In passing enabling legislation for sports betting in Maryland, lawmakers set a goal for retail sportsbooks to open by the beginning of the NFL season. But how about online sports betting?
The Maryland bill lays out language for the mobile license selection process that is more complicated than that of any other state in the nation. That makes it seem like Marylanders could be waiting a while to place bets on their phones.
But Maryland Sen. Craig Zucker scoffs at the notion that online could take a year longer to get up than retail. The lawmaker who led the Senate sports betting efforts tells PlayMaryland he expects mobile apps this year.
“Getting mobile up and running before the end of 2021 is the hope,” Zucker said. “I’m an optimist in that I think we’re going to have sports betting up and running in the fall and mobile soon after.”
Commission has work to do before awarding mobile licenses
The Maryland bill creates the Sports Wagering Application Review Commission (SWARC) to adopt regulations prior to issuing mobile licenses. First, SWARC needs to analyze disparity studies conducted on the Maryland gambling industry to determine what, if any, remedial measures to take to ensure minority participation.
In most states, casinos already licensed to offer gaming in the state are prepared to get these licenses. The parent companies are approved to offer sports betting in other states, so they come with pre-existing internal controls and partnerships with online sports betting operators.
Language in H 940 also instructs SWARC to consider allowing early access to the mobile sports wagering market to entities that form minority partnerships with minority- and women-owned businesses.
So it seems likely that, to go live in 2021, a DraftKings Sportsbook or FanDuel Sportsbook in Maryland would need to make some sort of deal with a small business that has no experience offering sports betting, even though the major operators can apply for stand-alone mobile licenses.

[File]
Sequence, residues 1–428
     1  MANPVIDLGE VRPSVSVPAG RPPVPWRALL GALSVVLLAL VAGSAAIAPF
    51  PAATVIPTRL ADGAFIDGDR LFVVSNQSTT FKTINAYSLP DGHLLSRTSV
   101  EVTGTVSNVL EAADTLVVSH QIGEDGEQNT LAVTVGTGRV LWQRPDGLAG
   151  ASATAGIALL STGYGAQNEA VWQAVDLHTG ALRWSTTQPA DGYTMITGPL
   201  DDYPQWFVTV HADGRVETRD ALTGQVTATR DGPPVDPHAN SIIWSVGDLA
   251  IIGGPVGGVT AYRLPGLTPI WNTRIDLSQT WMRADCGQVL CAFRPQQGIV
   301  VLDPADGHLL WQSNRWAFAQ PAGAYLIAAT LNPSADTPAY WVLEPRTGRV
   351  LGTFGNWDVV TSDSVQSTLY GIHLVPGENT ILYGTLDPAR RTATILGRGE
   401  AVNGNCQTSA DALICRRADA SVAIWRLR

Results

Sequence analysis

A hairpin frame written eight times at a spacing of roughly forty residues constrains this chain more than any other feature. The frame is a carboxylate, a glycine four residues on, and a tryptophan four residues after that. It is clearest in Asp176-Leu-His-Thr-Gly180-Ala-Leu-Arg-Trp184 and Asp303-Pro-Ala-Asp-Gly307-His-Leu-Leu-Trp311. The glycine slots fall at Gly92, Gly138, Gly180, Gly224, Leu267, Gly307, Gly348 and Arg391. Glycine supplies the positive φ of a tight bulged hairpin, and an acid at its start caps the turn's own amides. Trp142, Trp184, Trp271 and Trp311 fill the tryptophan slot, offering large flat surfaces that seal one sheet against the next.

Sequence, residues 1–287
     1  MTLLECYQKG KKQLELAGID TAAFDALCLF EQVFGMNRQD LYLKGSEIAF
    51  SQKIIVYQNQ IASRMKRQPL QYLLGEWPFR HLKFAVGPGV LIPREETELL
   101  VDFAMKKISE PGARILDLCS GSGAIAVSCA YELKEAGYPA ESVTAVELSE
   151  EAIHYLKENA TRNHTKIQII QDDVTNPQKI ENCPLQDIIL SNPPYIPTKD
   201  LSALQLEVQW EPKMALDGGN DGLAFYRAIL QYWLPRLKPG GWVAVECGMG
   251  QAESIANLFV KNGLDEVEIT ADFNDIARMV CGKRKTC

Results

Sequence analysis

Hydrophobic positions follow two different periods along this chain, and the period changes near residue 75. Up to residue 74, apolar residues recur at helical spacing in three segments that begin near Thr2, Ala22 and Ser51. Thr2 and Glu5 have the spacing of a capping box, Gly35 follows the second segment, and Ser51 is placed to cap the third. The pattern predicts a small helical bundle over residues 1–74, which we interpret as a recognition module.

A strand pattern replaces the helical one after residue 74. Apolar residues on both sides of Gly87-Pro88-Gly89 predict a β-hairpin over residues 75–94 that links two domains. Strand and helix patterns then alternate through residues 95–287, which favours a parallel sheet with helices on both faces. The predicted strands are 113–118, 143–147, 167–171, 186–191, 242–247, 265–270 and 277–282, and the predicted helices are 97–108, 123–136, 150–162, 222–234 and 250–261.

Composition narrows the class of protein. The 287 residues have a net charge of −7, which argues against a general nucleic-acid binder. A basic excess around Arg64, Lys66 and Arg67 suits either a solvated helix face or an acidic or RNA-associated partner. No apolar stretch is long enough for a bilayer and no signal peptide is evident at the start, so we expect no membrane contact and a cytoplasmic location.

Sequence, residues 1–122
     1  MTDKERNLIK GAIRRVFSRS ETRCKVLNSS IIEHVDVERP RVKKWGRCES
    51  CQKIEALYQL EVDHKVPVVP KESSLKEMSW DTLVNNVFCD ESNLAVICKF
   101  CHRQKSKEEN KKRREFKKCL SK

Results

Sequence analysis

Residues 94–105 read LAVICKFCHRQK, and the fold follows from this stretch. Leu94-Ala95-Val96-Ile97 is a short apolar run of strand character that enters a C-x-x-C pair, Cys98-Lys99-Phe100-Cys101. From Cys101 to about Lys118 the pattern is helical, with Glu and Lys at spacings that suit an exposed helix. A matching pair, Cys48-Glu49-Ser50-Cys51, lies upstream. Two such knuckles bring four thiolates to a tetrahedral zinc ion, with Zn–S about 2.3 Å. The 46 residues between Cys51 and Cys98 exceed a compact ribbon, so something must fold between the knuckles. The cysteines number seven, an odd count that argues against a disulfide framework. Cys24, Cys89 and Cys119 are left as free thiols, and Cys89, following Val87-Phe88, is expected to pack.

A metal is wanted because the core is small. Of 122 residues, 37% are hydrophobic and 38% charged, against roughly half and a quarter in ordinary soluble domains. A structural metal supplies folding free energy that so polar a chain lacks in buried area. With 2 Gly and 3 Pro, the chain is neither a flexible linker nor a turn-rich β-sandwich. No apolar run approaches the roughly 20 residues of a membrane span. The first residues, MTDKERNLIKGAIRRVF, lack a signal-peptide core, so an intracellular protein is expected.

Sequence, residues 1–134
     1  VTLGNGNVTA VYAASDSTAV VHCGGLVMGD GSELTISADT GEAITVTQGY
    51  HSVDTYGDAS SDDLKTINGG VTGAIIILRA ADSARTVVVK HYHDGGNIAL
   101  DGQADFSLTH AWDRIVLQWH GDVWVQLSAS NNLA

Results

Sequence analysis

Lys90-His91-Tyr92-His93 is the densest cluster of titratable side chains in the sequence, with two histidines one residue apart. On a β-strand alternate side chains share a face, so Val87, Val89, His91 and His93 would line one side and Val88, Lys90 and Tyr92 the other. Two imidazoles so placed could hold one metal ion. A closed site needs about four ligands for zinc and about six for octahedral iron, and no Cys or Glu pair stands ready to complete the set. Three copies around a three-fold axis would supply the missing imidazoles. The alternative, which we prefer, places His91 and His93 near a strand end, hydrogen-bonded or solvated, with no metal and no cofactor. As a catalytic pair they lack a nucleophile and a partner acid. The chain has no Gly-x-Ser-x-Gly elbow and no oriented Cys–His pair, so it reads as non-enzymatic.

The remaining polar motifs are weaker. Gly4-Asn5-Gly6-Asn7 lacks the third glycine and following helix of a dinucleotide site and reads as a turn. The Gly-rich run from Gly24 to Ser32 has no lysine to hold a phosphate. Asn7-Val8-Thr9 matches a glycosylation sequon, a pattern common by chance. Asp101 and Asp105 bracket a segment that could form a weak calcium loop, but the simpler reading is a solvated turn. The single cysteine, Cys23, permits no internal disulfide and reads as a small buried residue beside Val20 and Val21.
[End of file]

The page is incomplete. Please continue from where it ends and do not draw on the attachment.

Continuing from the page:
“For those who don’t partner, after a year they would be able to get into the market,” Zucker said. “There’s a lot of opportunity within the mobile space for online operators to partner with multiple MBEs, which I think will be a big win for everybody.”
Zucker said he didn’t know if all 60 mobile licenses will be filled. But they wanted to give small businesses the opportunity to fill them.
“We believe that the free market will take care of itself,” Zucker said. “We just wanted to provide opportunities for those businesses that want to get into the marketplace, especially small, minority- and women-owned businesses, but also those already established. … More competition only serves to better benefit the state of Maryland.”
Class B applicants also could take longer to get licenses
The first sports betting operations could launch at casinos and sports facilities by the beginning of the NFL season. However, Zucker expects smaller Class B licensees to target the end of the season.
“They’re going to have to go through the process for background checks,” Zucker said. “But my sense is, for a number of them, they should hopefully be up and running by the Super Bowl.”
The bill names some off-track betting parlors and bingo halls that will get Class B licenses. They might be able to get sports wagering going quicker. But the 30 additional Class B licenses are wide open and likely will take longer to select. SWARC must consider their ownership makeup and if they are located in opportunity or enterprise zones.
Zucker said he expects bars, restaurants and minor league facilities to apply for these competitive Class B licenses. But lawmakers also wanted to leave room for businesses that hadn’t been in Annapolis advocating for sports betting.
“The bottom line is we wanted to make sure everyone who is interested has an opportunity to get in the marketplace,” Zucker said.
Next steps for Maryland sports betting
According to Maryland procedure, bills must reach the governor within 20 days of the session’s adjournment. Then the governor has 30 days to sign a bill. That puts the deadline around the end of May. However, Zucker expects Gov. Larry Hogan to sign it within the next couple of weeks.
Zucker tagged H 940 as an emergency measure, which means the law goes into effect immediately upon approval from the governor. Then the Maryland State Lottery and Gaming Control Commission and SWARC can get to work. Otherwise, they would have had to wait until June 1.
Maryland’s sports betting bill is a model for inclusivity. However, it could also prove to be an example of how too much inclusion bogs down a sports betting market if it is not done right.
Zucker is proud of how the Senate and House came together to work out the bill details following last November’s approval of sports wagering by voters.
“The whole thing was going to be collaborative from the start,” Zucker said. “This really was important to both chambers to ensure that the state of Maryland is competitive with neighboring states, ensure the children’s educational future, and seeing minority- and women-owned business participation. We said from the start that we were going to get this done. Marylanders asked for it, and we delivered.”